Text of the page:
Etymology
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pirate (v.)

"to rob on the high seas; commit piracy upon," 1570s, from pirate (n.). By 1706 as "appropriate and reproduce the literary or artistic work of another without right or permission; infringe on the copyright of another." Related: Pirated; pirating.

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deprive (v.)

mid-14c., depriven, "to take away; to divest, strip, bereave; divest of office," from Old French depriver, from Medieval Latin deprivare, from de- "entirely" (see de-) + Latin privare "to deprive, rob, strip" of anything; "to deliver from" anything (see private (adj.) ). From late 14c. as "hinder from possessing." Replaced Old English bedælan. Related: Deprived; depriving.

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mug (v.1)

"to beat up," 1818, originally "to strike the face" (in pugilism), from mug (n.2) "face." The general meaning "attack" is attested by 1846, and "attack to rob" by 1864. Perhaps influenced by thieves' slang mug "dupe, fool, sucker" (1851). Related: Mugged; mugging.

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rip-off (n.)

"an act of fraud, a swindle," 1969, from verbal phrase rip off "to steal or rob" (c. 1967) in African-American vernacular, from rip (v.) + off (adv.). Rip was prison slang for "to steal" since 1904, and was also used in this sense in 12c. The specific meaning "an exploitative imitation" is from 1971, also "a plagiarism." Related: Ripped-off.

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stick-up (n.)
also stickup, 1857, "a stand-up collar," from verbal phrase (attested from early 15c.), from stick (v.) + up (adv.). The verbal phrase in the sense of "rob someone at gunpoint" is from 1846, hence the noun in this sense (1887). Stick up for "defend" is attested from 1823.
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raven (v.)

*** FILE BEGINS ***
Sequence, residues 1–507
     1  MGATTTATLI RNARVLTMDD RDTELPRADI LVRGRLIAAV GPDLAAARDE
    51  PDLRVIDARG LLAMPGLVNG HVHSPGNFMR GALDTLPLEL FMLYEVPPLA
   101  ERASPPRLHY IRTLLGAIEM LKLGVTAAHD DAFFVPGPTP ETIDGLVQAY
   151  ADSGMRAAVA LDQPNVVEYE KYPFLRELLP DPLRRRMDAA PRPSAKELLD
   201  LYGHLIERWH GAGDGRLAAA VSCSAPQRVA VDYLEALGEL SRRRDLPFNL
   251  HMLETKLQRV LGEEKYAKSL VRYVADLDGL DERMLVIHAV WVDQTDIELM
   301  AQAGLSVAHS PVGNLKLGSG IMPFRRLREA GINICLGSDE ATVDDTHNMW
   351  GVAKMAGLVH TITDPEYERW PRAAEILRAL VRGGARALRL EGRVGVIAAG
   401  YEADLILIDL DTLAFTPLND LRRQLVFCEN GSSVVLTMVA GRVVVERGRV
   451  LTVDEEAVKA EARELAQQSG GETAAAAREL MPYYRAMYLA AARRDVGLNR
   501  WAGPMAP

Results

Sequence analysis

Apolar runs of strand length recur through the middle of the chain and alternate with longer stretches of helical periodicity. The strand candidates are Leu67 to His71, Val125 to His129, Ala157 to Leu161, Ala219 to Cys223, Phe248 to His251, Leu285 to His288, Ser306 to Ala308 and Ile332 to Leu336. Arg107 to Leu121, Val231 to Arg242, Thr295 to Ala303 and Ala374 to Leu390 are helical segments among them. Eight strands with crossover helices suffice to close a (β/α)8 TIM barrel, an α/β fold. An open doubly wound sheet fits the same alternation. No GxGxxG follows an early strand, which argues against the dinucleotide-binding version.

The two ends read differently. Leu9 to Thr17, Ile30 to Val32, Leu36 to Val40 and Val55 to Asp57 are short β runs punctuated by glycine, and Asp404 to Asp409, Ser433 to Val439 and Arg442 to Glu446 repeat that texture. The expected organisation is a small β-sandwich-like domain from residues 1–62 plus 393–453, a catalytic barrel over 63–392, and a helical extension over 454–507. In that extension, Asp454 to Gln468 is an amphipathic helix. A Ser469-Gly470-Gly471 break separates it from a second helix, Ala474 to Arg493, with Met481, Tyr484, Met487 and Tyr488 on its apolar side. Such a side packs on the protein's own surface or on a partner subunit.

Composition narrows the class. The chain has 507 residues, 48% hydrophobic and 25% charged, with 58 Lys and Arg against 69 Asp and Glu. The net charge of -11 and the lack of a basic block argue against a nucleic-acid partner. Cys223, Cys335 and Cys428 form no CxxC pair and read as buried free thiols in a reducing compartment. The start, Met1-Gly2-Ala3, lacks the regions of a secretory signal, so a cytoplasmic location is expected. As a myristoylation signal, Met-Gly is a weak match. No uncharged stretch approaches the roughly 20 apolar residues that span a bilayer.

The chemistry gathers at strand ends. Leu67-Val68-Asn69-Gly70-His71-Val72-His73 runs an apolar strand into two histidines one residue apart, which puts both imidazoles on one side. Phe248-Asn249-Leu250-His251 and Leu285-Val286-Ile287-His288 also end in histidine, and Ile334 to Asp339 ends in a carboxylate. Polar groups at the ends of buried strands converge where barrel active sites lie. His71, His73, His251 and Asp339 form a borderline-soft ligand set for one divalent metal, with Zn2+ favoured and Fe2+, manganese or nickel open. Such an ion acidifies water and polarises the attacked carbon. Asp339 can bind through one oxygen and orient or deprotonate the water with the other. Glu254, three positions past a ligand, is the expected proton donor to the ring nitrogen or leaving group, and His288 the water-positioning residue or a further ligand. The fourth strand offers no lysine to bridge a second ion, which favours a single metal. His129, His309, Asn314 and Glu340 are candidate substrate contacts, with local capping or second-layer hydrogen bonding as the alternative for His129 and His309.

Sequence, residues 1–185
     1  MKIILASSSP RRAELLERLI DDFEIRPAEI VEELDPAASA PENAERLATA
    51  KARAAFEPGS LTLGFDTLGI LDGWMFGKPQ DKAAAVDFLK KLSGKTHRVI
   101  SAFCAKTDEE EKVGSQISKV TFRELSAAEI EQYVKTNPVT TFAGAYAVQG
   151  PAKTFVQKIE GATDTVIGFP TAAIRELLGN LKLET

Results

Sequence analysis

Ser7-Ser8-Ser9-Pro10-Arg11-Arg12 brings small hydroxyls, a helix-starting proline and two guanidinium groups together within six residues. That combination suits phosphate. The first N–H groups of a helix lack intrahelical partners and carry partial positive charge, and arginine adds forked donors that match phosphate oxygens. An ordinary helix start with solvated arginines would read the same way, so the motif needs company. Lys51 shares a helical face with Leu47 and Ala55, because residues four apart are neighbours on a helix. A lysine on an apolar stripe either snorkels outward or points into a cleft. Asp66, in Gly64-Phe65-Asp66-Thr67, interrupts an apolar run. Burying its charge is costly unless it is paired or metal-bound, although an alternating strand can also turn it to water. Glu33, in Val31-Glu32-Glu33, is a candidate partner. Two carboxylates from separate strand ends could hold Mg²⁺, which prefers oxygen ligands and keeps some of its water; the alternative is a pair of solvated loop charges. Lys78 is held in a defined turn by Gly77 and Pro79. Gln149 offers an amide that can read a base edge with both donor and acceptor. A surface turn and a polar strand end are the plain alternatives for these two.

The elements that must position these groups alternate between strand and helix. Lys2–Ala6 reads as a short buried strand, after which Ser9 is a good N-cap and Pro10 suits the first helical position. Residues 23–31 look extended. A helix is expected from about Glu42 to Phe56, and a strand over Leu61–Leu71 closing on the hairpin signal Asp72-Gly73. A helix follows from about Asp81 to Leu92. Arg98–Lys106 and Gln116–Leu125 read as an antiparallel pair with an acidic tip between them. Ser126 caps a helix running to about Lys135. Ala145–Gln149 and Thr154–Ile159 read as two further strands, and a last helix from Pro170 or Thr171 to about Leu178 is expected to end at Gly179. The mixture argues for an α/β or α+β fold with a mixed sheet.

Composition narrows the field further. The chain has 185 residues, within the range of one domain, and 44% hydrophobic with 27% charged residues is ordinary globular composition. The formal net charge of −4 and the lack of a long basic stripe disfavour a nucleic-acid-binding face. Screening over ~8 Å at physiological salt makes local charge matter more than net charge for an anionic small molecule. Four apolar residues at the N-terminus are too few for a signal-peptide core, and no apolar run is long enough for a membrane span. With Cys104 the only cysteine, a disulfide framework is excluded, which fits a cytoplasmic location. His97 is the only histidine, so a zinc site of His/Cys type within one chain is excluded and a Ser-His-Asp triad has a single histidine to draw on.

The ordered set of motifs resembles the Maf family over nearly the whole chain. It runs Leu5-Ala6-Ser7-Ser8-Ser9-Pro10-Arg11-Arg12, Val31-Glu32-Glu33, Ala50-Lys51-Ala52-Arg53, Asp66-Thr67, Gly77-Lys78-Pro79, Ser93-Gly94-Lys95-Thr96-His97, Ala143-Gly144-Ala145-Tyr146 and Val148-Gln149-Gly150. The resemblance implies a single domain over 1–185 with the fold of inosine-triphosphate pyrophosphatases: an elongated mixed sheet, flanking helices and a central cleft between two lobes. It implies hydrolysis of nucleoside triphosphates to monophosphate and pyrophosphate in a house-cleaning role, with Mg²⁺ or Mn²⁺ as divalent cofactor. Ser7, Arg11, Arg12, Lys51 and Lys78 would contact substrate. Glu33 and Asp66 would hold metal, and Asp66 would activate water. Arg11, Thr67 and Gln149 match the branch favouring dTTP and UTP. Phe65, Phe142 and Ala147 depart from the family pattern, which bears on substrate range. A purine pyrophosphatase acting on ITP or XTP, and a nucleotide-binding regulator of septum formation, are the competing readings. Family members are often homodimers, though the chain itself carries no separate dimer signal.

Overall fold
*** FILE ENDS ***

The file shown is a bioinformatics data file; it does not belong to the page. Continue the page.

"to prey, to plunder, devour greedily," mid-14c., also ravine, from Old French raviner, ravinier "to seize, pillage; to sweep down, cascade," from Latin rapina "an act of robbery, plundering," from rapere "seize, carry off, rob" (see rapid). Related: Ravened; ravening. Obsolete except as a past-participle adjective.

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rover (n.1)

"sea-robber, pirate," late 14c. (c. 1300 as a surname), from Middle Dutch rover "robber, predator, plunderer," especially in zeerovere "pirate," literally "sea-robber," from roven "to rob," from Middle Dutch roof "spoil, plunder," related to Old English reaf "spoil, plunder," reafian "to reave" (see reave (v.), and compare reaver).

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dobbie (n.)

also dobby, "household sprite," 1811, from playful use of the proper name Dob (variant of Rob) which is also represented in dobbin (q.v.). In Sussex, such apparitions were called Master Dobbs. It was used earlier in the sense "silly old man" (1690s).

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reaver (n.)

also reiver, Middle English rever, revere, "robber, destroyer, plunderer," Old English reafere "plundering forager," agent noun from reafian "to rob, plunder" (see reave (v.)). Similar formation in Old Frisian ravere, Middle Dutch rover, Dutch roover, Old High German roubari, German Räuber. Middle English rēverie (c. 1300) meant "robbery, plundering."

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grip (v.)

Old English grippan "to grip, seize, obtain" (class I strong verb; past tense grap, past participle gripen), from West Germanic *greipanan (source also of Old High German gripfen "to rob," Old English gripan "to seize;" see gripe (v.)). Related: Gripped; gripping. French gripper "to seize," griffe "claw" are Germanic loan-words.

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